First call snow: Tri-state likely to see first snow of season

West Virginia

CHARLESTON, WV (WOWK) – Snow lovers rejoice, as it appears our first snow is on the horizon for our region Monday night into Tuesday!

SUMMARY

  • Our first ‘real’ snow (1 inch of accumulation) appears likely for many folks in our region this week.
  • Timing of snow will be Monday night into Tuesday, with rain transitioning to snow during the afternoon and evening Monday.
  • Snow will fall throughout the day Tuesday, waning by the late afternoon.
  • Lowlands will generally see 1-2″, with WV mountaintops seeing several inches of snow.
  • Black ice is a BIG threat Tuesday night into Wednesday with temperatures dropping into the lower 20s.

A strong area of low pressure will begin to approach the region Sunday evening. We’re dry until then – with rain moving up from south to north across the tri-state during the overnight hours Sunday night into early Monday.

It’s all rain during the day Monday – though with a counter-clockwise flow thanks to our area of low pressure to our southwest, we will likely see periods of dry conditions Monday. It’s all rain through until the area of low pressure moves to our north/northeast, which will allow a west/northwest flow to begin to strike the region, cooling us down quickly.

We’ll see the rain transition to snow slowly but surely during the late afternoon into the overnight hours Monday, and the snow will last through much of the day Tuesday. The snow will continue through the middle afternoon, where it will then begin to subside slowly.

Black ice will be a BIG threat Tuesday night into Wednesday morning, as air temperatures drop into the lower 20s. Combine that with very wet roadways from rain on Monday and snow Tuesday – ice will be a big there.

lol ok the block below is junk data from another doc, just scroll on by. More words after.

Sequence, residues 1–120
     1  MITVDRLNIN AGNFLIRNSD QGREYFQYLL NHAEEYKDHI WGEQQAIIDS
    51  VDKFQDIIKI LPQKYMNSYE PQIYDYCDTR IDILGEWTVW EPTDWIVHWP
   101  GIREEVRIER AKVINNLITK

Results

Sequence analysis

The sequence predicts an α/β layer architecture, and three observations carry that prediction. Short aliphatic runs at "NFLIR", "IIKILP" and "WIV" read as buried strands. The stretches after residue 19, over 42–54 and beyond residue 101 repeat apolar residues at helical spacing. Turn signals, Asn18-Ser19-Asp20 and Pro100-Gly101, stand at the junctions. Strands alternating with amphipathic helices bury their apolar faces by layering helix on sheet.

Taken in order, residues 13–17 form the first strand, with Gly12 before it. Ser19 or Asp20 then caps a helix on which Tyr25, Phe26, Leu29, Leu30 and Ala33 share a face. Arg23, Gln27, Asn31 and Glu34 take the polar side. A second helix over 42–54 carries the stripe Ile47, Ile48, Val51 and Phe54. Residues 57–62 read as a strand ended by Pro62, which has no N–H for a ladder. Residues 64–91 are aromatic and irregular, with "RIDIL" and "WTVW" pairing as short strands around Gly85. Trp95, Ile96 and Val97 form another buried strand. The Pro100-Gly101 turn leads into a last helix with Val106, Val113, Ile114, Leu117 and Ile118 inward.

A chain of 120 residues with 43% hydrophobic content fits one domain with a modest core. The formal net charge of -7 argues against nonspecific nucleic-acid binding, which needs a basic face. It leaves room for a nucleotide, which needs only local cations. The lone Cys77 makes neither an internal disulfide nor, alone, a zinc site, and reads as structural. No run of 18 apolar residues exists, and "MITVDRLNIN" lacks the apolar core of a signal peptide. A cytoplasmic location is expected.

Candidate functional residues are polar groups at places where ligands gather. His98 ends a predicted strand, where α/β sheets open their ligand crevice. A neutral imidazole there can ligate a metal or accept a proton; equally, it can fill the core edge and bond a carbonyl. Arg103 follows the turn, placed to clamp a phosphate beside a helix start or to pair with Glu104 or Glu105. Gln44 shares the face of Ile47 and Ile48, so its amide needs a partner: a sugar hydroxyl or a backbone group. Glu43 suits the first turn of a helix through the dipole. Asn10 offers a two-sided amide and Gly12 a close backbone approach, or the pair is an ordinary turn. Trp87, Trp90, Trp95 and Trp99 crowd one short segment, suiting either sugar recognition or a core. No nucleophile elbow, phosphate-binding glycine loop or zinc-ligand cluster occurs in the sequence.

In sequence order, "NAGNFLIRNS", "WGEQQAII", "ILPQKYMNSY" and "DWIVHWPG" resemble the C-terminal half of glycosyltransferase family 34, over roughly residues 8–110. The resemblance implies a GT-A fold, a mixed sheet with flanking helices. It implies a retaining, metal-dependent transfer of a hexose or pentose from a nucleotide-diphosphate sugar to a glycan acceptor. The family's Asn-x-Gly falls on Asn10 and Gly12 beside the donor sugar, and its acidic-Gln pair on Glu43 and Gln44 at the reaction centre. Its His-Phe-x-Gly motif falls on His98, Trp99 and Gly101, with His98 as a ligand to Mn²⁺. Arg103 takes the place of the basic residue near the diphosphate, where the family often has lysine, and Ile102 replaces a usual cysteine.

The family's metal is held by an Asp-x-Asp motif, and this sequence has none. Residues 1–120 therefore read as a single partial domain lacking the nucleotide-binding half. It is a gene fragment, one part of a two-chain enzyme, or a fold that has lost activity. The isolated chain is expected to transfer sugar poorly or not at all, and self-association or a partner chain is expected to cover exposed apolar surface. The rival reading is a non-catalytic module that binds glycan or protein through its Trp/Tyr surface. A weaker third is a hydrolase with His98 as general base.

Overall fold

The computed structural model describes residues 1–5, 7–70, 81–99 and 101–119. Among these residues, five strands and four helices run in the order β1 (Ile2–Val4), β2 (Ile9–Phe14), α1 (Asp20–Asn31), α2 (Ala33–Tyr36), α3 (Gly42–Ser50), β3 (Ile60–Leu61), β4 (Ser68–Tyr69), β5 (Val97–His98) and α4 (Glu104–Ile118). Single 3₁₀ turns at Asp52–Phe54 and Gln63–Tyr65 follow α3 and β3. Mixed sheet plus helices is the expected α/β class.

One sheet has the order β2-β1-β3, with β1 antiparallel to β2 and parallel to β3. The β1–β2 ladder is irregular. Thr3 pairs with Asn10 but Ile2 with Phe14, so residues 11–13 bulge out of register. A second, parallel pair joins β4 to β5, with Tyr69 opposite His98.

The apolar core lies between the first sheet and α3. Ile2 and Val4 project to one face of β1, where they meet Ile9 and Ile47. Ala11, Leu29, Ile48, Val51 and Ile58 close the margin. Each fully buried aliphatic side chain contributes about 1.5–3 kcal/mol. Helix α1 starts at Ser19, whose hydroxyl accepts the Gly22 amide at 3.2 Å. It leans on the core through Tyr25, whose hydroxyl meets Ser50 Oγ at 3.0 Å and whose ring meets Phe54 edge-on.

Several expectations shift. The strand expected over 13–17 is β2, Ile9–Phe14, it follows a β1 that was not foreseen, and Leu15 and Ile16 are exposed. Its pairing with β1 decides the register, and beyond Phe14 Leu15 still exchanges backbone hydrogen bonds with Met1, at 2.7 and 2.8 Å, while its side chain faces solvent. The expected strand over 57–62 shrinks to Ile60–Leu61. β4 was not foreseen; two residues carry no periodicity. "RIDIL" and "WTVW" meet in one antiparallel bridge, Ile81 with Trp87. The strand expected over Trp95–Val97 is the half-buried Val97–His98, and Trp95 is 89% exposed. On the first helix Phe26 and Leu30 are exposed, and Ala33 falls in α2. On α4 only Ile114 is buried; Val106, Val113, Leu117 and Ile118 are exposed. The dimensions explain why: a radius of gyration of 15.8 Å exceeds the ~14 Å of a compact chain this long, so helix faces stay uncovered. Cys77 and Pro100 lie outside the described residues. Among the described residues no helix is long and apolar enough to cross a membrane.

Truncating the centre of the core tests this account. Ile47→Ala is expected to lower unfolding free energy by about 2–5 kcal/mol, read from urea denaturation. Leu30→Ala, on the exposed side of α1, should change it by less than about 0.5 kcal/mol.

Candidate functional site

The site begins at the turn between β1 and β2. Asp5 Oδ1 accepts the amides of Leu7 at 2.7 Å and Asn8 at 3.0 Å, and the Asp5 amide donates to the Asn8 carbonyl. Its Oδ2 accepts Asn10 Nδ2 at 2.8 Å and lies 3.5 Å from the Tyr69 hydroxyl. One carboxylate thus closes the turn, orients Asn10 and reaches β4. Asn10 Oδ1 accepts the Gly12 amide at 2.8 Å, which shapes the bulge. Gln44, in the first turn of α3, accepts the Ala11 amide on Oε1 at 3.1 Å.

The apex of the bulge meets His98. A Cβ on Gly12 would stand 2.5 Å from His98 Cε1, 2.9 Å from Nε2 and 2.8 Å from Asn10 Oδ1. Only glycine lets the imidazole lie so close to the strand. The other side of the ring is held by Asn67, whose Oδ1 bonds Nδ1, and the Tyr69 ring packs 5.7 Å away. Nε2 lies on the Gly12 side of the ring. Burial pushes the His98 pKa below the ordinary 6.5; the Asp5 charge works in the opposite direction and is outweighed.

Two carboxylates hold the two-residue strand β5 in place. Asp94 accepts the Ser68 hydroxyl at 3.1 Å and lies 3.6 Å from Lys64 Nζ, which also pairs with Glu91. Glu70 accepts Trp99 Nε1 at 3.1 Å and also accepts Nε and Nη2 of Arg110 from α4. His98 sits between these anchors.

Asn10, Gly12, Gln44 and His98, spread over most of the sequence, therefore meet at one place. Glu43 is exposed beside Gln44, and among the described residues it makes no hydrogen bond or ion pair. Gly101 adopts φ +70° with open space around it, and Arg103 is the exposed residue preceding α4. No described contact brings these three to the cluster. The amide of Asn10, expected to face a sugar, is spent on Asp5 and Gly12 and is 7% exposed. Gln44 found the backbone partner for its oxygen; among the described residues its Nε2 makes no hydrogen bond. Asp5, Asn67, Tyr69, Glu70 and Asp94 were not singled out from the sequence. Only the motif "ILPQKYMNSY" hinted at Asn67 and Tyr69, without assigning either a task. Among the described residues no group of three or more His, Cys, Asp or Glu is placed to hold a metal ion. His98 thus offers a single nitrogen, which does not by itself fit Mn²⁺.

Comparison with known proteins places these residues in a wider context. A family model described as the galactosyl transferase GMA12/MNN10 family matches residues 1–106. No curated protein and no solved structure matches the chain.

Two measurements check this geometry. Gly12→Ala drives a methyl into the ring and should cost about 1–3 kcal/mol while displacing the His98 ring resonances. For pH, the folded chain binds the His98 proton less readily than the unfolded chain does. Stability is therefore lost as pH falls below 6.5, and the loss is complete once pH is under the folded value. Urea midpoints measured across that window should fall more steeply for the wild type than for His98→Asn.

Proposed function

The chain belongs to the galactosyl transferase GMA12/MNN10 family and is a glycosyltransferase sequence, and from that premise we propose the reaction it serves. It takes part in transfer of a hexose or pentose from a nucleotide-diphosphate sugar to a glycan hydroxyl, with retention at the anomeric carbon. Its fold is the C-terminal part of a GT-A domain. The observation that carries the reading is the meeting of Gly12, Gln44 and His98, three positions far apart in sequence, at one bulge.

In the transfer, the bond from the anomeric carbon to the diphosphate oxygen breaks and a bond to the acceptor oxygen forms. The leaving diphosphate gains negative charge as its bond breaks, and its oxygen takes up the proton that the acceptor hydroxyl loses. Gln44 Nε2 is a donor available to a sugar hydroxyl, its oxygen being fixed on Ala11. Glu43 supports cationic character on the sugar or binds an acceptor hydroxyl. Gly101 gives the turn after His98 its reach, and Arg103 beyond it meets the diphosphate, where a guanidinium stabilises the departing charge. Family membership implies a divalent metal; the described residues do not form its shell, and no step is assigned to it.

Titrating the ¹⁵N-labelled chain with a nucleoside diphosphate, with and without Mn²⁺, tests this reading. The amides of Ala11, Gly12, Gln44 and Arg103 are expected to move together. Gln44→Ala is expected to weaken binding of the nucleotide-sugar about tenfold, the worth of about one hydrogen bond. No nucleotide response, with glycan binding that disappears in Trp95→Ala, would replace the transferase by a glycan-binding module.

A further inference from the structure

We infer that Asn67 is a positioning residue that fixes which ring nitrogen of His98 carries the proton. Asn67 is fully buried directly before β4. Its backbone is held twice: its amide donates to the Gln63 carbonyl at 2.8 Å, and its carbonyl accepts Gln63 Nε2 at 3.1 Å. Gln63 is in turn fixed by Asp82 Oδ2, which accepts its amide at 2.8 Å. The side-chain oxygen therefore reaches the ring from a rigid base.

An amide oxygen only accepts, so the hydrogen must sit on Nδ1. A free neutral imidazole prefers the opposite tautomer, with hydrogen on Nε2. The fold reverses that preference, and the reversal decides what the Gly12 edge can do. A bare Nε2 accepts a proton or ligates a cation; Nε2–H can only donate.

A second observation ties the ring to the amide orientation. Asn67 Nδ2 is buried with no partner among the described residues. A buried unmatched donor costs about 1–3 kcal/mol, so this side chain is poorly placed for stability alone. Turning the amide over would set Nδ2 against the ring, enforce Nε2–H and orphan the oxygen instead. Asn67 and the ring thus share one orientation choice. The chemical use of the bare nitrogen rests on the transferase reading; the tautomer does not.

There are still a few unknowns to hash out with this storm, which should mostly be answered by Sunday.

UNKNOWNS

  • How quickly will the rain transition to snow? At this point, it appears that the snow will be delayed quite a bit in WV which should keep those totals down. However, in places like southern Ohio, that transition could be a bit quicker, which could elevate totals in that area.
  • Will roadways be cold enough? It’ll take time, but they will get cold enough for snow to form – and therefore slick spots. Gusty wind Tuesday afternoon will allow the surface of the roadway to cool quickly.
  • When will the storm exit? It appears to be exiting quicker and quicker each day – with all indicators now showing many areas dry by Tuesday evening instead of Wednesday afternoon like yesterday.

Most of us will see around an inch of snow in the valleys, with the hilltops collecting around two inches of snow. I think at this point the only spots that could see an adjustment to the snowfall map is across southern Ohio, where an additional inch or two of snow is possible. I’m holding off on changing that right now until I see where the transition line to snow sets up during the afternoon Monday.

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